Dionne Brand, author of the Griffin Poetry Prize-winning collection Ossuaries, returns with a startlingly original work about the act of writing itself.
On a lonely wharf a clerk in an ink blue coat inspects bales and bales of paper that hold a poet's accumulated left-hand pages--the unwritten, the withheld, the unexpressed, the withdrawn, the restrained. In The Blue Clerk award-winning poet Dionne Brand stages a conversation and an argument between the poet and the Blue Clerk, who is the keeper of the poet's pages. In their dialogues--which take shape as a series of haunting prose poems--the poet and the clerk invoke a host of writers, philosophers, and artists, from Jacob Lawrence, Lola Keipja, and Walter Benjamin to John Coltrane, Josephine Turalba, and Jorge Luis Borges. Through these essay poems, Brand explores memory, language, culture, and time, offering beautiful and jarring juxtapositions ("The Wire is the latest version of The Adventures of Huckleberry Finn"), and endlessly haunting language ("On a road like this you don't know where you are. Whether you have arrived or whether you are still on your way. Whether you are still at the beginning or at the end. You are in the middle all the time. What would be the sign?").
An essential observer and one of the most accomplished poets writing today, Dionne Brand's latest engages intimately with the act and difficulty of writing, the relationship between the author and the world, and the relationship between the author and art. Profound, moving, and wise in equal parts, The Blue Clerk is a work of staggering intellect and imagination, and a truly sublime piece of writing from one of Canada's most renowned, honoured, and bestselling poets.
About the author
Dionne Brand is internationally known for her poetry, fiction, and essays. She has received many awards, notably the Governor General’s Award for Poetry, the Trillium Award (Land to Light On), 1997), the Pat Lowther Award (Thirsty, 2005), the City of Toronto Book Award (What We All Long For, 2006), and the Harbourfront Festival Award (2006), given in recognition of her substantial contribution to literature. She is a professor in the School of English and Theatre Studies at the University of Guelph.
Leslie C. Sanders is a professor at York University, where she teaches African American and Black Canadian literature. She is the author of The Development of Black Theatre in America, the editor of two volumes of Langston Hughes’s performance works, and a general editor of the Collected Works of Langston Hughes. She has written essays on African American and Black Canadian literature.
Excerpt: The Blue Clerk: Ars Poetica in 59 Versos (by (author) Dionne Brand)
On the train, is that when I should say the clerk emerged?
She was before me, she was always with me. She was a
stevedore stowing cargo for one of my grandmothers, Luisa
Andrade from Venezuela. I met her on Luisa’s piano with
the photographs. But that was in another language. Luisa
threw a man into a pit and covered him with sand; when
he got up she had mothered his six children, stitched racial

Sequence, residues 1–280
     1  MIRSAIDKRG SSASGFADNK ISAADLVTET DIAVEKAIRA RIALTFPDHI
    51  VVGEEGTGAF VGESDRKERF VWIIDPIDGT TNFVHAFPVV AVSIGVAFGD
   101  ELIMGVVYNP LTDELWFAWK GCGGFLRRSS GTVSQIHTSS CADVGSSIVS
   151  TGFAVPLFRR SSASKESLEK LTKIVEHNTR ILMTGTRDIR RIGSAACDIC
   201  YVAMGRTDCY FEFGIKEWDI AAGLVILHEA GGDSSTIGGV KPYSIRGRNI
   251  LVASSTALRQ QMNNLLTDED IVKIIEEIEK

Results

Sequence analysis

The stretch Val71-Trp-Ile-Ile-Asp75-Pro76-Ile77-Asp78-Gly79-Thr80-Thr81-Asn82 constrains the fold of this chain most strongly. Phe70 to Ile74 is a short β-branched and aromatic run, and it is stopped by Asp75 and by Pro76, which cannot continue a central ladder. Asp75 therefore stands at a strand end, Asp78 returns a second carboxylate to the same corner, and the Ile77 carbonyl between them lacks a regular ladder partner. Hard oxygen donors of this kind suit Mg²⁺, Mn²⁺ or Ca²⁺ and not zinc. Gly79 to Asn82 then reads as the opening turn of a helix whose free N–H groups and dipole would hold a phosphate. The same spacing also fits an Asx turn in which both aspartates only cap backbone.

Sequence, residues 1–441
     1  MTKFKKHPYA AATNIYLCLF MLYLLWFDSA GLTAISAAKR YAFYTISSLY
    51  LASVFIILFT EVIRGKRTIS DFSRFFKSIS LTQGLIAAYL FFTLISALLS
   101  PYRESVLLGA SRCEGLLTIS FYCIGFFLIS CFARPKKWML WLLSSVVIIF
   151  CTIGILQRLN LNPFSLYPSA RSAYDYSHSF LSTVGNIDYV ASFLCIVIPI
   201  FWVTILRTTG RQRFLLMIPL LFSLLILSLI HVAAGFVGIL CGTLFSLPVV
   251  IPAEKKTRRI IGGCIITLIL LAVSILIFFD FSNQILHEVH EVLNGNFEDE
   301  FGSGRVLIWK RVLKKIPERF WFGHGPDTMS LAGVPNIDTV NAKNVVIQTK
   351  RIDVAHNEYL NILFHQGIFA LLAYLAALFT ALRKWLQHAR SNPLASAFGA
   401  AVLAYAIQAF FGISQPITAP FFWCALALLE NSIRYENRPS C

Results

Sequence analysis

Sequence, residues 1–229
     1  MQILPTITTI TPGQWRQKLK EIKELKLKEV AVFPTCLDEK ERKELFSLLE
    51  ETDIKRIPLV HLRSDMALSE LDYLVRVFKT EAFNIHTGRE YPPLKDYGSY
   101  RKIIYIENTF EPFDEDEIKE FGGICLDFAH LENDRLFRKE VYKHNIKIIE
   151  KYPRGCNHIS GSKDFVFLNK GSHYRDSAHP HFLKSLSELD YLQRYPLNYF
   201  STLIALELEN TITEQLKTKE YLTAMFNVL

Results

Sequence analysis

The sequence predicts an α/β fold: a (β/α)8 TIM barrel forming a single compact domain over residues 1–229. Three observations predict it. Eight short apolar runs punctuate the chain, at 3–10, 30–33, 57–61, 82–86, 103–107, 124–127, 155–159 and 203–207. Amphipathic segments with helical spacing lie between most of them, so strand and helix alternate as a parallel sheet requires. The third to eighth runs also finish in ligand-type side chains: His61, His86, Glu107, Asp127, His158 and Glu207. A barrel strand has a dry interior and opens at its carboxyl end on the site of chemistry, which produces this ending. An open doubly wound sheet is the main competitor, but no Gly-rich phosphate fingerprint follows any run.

discord among them, subjected them to photographs for
the piano and left for her grave. She came from La Guaira
on a steamer on the 18th of a certain month. You are
making that up. Well Cumaná then. Guaira. She became
legend. I did not know her name until a few years ago.
You never asked. She was legend.
GRIFFIN POETRY PRIZE FINALIST
TRILLIUM BOOK AWARD WINNER
GOVERNOR GENERAL'S LITERARY AWARD FOR POETRY FINALIST
PAT LOWTHER MEMORIAL AWARD LONGLIST
"Brand melds the intellectual with the sensory in these searching think-pieces." --Toronto Star
“[Dionne Brand] is gracious, endlessly curious and eager to push the intellectual boundaries of her audience.” —Globe and Mail
“Dionne Brand’s The Blue Clerk is many things at once: a book-length ars poetica; an act of memory and reconfiguration; an extended meditation (one that moves at times directly, at others by a kind of philosophical osmosis) touching on the realms of history, politics, race and gender; an internal, consciously curated and interrogated dialogue that manages to create a space for all of these. Expansive, beautifully written, structurally compelling, and above all moving, The Blue Clerk is a book to be read (and re-read), not just for the pleasures of its language, but for the breadth of its vision, and the capaciousness of its thinking.” --Griffin Poetry Prize Jury Citation
“Dionne Brand’s ‘ars poetica in 59 versos’ is an impassioned, masterfully crafted interrogation of language, process, and representation that tests both the boundaries and boundlessness of the creative process. At once an epic poem, polemic, fragmentary novel, creation story, and grimoire, The Blue Clerk suggests an entirely new literary form, a magnificent literary achievement made accessible with a sly sense of humour, striking imagery, devout worship, and sharp questioning.” --Trillium Book Award Jury Citation
Other titles by Dionne Brand
A Map to the Door of No Return
Notes to Belonging
Nomenclature: New and Collected Poems
Laurier Poetry Pack #5
An Autobiography of the Autobiography of Reading
What We All Long For / Love Enough
Two Toronto Novels
Laurier Poetry Pack #4
Wilfrid Laurier University Press
Bread Out of Stone
Recollections, Sex, Recognitions, Race, Dreaming, Politics
Writers on Writing in Canada
The Unpublished City